The SPEC method in action
In previous posts I used an article I’d read to create some examples – now I’ll go through one iteration of how I might develop an idea from it. For an initial premise, I’ll start with the notion of a brain parasite that turns normally nice pets into crazed killers.
But instead of horror, I want an SF slant. What if this parasite is able to flourish in the brains of any animal except man? Perhaps there’s something in our brain chemistry that represents a threat to it’s survival. So the human race has to die.
That gives me what it does and why. How do the animals contract it? Since I’m going with an SF angle, I’ll speculate there’s some new genetic modification that’s being tested on grains (to make them hardier) that’s responsible for the parasite. When that modified grain becomes feed for animals, the problem begins.
For a central character, I like the example of a female rancher whose livelihood is threatened – it offers plenty of scope for a longer story. Her animals could be some of the first to get the infected feed. And with the affected animals posing a threat not only to her personally, but to her employees (as well as her ranch’s continued existence) she’d have all the motivation she needs to find out what’s going on and stop it.
I’d want more major characters – say one is a veterinarian who helps look after the health of her animals. He’d make a good ally. And if she’s a struggling small rancher, she should have only a few employees and they should be like family. Now I’m not only developing more characters, but the world the story takes place in.
These are the broad strokes of her environment. I’d want more conflict than just the problem of the parasite, so I’ll posit that she doesn’t exactly get along with the other ranchers in the area. This isolates her and her situation. That tension can be personified in a neighbor who dislikes her and wants her ranch to fail.
This competing rancher will be pleased when she’s having problems – but what happens if the parasite starts infecting his own animals? Does that turn him into a reluctant ally or an even more bitter enemy?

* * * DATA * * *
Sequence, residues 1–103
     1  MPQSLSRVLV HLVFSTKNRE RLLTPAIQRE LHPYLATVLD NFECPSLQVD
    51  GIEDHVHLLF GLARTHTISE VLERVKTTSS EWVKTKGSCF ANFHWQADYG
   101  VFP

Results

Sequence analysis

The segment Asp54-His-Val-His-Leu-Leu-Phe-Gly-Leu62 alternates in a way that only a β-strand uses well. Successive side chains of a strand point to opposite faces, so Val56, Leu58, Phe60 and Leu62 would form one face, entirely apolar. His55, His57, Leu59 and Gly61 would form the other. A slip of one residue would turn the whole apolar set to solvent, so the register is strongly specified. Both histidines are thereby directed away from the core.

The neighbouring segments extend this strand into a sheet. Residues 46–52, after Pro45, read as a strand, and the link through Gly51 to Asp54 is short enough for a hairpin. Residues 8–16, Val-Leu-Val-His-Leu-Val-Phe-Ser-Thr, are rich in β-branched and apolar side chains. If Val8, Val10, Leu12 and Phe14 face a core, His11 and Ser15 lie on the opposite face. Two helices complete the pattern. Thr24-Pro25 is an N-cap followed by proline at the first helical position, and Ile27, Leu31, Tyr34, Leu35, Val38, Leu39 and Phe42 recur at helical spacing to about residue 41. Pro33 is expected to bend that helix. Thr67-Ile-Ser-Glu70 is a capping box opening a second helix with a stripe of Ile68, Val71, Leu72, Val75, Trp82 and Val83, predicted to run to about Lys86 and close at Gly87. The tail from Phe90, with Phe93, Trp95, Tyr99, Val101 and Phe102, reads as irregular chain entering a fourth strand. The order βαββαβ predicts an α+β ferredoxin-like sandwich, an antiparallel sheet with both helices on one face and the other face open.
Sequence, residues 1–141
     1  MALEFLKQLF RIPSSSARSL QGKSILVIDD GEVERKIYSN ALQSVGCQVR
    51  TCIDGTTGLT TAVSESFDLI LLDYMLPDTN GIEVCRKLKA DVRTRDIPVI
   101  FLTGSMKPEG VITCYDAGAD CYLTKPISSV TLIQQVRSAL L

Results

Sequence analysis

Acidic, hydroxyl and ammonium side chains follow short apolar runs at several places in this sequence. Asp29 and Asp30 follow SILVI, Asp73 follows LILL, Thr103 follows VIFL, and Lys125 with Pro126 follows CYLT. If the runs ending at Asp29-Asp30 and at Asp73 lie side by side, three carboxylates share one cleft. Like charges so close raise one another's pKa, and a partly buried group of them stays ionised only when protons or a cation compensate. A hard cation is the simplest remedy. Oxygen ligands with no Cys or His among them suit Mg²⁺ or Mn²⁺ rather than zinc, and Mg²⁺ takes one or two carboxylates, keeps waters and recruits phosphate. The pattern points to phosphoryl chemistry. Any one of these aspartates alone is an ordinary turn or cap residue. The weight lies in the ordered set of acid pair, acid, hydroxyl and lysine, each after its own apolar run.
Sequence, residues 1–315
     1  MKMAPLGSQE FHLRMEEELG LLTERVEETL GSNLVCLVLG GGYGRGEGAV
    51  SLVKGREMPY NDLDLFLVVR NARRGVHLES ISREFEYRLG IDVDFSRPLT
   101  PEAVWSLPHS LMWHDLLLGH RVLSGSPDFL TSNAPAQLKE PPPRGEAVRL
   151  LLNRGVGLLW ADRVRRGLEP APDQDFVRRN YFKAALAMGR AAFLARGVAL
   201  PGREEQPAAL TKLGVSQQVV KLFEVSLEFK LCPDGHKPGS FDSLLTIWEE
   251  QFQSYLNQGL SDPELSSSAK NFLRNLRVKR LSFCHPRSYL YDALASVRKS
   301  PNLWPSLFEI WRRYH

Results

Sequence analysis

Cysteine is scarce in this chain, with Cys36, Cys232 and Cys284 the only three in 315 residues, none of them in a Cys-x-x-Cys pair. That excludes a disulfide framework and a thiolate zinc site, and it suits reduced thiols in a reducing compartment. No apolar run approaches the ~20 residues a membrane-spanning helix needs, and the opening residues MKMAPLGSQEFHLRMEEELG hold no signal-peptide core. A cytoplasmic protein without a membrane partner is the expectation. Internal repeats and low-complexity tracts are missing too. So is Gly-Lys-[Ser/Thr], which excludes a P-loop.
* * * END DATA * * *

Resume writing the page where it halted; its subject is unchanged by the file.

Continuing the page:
That gives me a piece of the structure. Even if I don’t know where or how it fits – I’d be ready to use it if and when I need it. It’s good to accumulate pieces of the puzzle that might come in handy down the road, but I still need the two most important pieces in order to lay the foundation and start writing – the beginning and the end.
They’re like jigsaw puzzle borders I want to put in place first – then I can start filling in the rest of the picture.
Since I want to kick off with something that will grab the readers attention, with the story already in motion and personal to my main character, I’d start with the sudden death of one her employees from an animal that’s gone berserk.
Because I want a satisfying ending, I’d have her and the veterinarian discover what it is about human brain chemistry that kills the parasite. (They can add it to the feed to solve their problems.) I don’t have any idea how they’d discover the parasite in the first place, or that humans are immune or realize why that’s the key to defeating the parasite – I’d find those things out as I write. (And I’d want to do research so that whatever ‘science’ I use in the story is plausible.)
I don’t know what twists and turns there would be along the way, but I know they’d be there. The important thing is that I have enough of a handle now on the premise, the characters and the world they live in. I have a starting point to get writing and discover the rest. And I have a destination in mind – not in detail, but enough to work my way toward.
Starting next week, I’ll be posting a series of ‘behind the story’ articles describing how I wrote Certain Hypothetical, beginning with how I developed the idea, and you’ll be able to see how this SPEC method worked in practice.
(*And I’ve since revisted my SPEC method in more depth.)